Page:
11. The method according to claim 9, wherein said co-solvent is selected from the group consisting of o-xylene, m-xylene, p-xylene, ethyl benzene, cyclooctane, n-octane, n-nonane and methyloctane.
12. The method according to claim 9, wherein said co-solvent is a mixture of xylene isomers.
13. The method according to claim 1, wherein said crude blend is obtained from a base equilibration of at least one polydimethylsiloxane.
14. The method according to claim 13, wherein the normal boiling point of said co-solvent is 130 C. to 140 C.
15. The method according to claim 13, wherein said co-solvent is selected from the group consisting of o-xylene, m-xylene, p-xylene, ethyl benzene, cyclooctane, n-octane, n-nonane and methyloctane.
16. The method according to claim 13, wherein said co-solvent is a mixture of xylene isomers.
17. A method for distiling a crude blend of hexamethylcyclotrlsiloxane and higher cyclopolysiloxanes, said method comprising
(I) mixing said crude blend with a hydrocarbon co-solvent having a normal boiling point of 125 C. to 150 C.; and
(II) distilling the mixture formed in step (I) at atmospheric pressure in an apparatus comprising a reboiler, a fractionating column and a condenser, the amount of said co-solvent being adjusted such that the concentration of hexamehylyclotrisiloxane in the condenser is 30 to 50 weight percent, wherein a solution of said hexamethylyclotrisiloxane in said co-solvent is separated from said higher cyclopolysiloxanes and deposition of solid hexamethylcyclotrisiloxane in said condenser is essentially prevented.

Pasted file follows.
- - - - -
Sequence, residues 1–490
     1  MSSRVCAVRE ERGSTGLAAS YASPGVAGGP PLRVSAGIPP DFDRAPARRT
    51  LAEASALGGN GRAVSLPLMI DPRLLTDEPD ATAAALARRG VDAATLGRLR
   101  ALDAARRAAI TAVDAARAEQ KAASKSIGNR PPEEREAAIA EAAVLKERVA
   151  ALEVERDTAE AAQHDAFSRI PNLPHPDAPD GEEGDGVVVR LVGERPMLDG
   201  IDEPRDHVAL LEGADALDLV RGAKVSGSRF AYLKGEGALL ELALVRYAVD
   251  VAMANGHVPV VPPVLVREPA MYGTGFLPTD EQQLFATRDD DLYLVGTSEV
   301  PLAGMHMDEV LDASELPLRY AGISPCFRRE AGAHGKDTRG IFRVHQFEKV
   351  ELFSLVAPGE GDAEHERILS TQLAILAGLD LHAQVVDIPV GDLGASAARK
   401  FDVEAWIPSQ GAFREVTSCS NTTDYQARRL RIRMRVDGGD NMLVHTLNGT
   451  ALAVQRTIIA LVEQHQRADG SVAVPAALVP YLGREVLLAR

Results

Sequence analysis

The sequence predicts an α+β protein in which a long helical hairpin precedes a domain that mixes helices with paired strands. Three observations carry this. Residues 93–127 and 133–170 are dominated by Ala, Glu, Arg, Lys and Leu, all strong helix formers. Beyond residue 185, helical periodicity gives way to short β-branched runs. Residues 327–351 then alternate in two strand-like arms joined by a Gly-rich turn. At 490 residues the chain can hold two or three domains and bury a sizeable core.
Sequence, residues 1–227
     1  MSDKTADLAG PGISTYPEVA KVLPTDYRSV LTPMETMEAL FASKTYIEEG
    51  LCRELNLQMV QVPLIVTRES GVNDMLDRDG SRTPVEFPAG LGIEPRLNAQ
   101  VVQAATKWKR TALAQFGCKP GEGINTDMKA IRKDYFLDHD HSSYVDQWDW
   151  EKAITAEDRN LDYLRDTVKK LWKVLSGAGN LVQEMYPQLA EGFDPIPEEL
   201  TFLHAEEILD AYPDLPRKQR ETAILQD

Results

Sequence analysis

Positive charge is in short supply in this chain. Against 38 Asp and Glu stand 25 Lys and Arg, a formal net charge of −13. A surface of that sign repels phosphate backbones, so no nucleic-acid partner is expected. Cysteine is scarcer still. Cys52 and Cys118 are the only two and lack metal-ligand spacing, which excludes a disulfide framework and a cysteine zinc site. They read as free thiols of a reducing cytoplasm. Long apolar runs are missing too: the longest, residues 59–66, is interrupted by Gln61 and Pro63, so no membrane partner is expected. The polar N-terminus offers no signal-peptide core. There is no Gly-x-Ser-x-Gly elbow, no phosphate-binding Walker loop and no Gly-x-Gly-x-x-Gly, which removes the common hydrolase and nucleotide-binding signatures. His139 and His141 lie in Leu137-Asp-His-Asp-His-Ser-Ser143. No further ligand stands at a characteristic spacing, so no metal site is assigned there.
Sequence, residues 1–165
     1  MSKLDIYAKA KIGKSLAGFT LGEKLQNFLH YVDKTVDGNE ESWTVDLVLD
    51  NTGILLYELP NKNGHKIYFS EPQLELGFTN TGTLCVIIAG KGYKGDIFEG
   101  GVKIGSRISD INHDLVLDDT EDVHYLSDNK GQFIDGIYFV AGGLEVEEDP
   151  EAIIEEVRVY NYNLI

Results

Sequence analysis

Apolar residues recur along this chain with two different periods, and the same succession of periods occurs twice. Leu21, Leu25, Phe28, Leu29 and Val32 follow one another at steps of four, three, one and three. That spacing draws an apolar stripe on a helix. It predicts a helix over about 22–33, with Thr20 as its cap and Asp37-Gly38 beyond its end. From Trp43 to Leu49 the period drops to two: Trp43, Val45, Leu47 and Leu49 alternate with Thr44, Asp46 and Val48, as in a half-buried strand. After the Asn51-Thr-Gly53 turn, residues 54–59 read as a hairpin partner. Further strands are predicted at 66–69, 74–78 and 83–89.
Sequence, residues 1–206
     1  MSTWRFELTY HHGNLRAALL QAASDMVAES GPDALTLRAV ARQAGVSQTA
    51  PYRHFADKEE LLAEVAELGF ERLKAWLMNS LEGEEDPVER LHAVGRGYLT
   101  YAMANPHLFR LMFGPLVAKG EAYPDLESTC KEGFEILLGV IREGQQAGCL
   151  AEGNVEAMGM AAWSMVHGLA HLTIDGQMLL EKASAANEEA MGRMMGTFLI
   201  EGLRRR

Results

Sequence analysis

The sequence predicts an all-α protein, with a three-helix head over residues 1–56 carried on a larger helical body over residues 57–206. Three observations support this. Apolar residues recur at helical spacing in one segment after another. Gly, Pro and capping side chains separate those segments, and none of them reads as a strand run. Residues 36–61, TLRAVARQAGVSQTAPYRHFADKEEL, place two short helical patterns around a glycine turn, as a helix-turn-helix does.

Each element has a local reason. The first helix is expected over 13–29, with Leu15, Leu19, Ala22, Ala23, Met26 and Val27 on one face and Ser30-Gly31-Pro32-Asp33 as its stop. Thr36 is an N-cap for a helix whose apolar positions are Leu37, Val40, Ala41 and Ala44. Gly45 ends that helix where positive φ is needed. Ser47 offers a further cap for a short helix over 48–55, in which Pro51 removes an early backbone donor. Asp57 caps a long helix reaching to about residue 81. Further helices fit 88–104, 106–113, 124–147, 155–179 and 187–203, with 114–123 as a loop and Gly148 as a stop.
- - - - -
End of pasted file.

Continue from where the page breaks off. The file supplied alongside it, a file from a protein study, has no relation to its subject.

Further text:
18. The method according to claim 17, wherein said co-solvent is selected from the group consisting of o-xylene, m-xylene, p-xylene, ethyl benzene, cyclooctane, n-octane, n-nonane and methyloctane.
19. The method according to claim 18, wherein said co-solvent is a mixture of xylene isomers.
20. The method according to claim 17, wherein said mixing and said distilling steps are carried out in a continuous fashion.
21. The method according to claim 20, wherein said co-solvent is selected from the group consisting of o-xylene, m-xylene, p-xylene, ethyl benzene, cyclooctane, n-octane, n-nonane and methyloctane.
22. The method according to claim 21, wherein said co-solvent is a mixture of xylene isomers.
Description
FIELD OF THE INVENTION

The present invention relates to a method for distilling hexamethylcyclotrisiloxane. More particularly, the invention relates to an improved method for distilling hexamethylcyclotrisiloxane from a crude blend thereof, the improvement comprising adding a hydrocarbon co-solvent to the crude blend prior to distillation, whereby deposition of solid hexamethylcyclotrisiloxane in the condenser section of the distillation apparatus is greatly reduced or entirely eliminated.

BACKGROUND OF THE INVENTION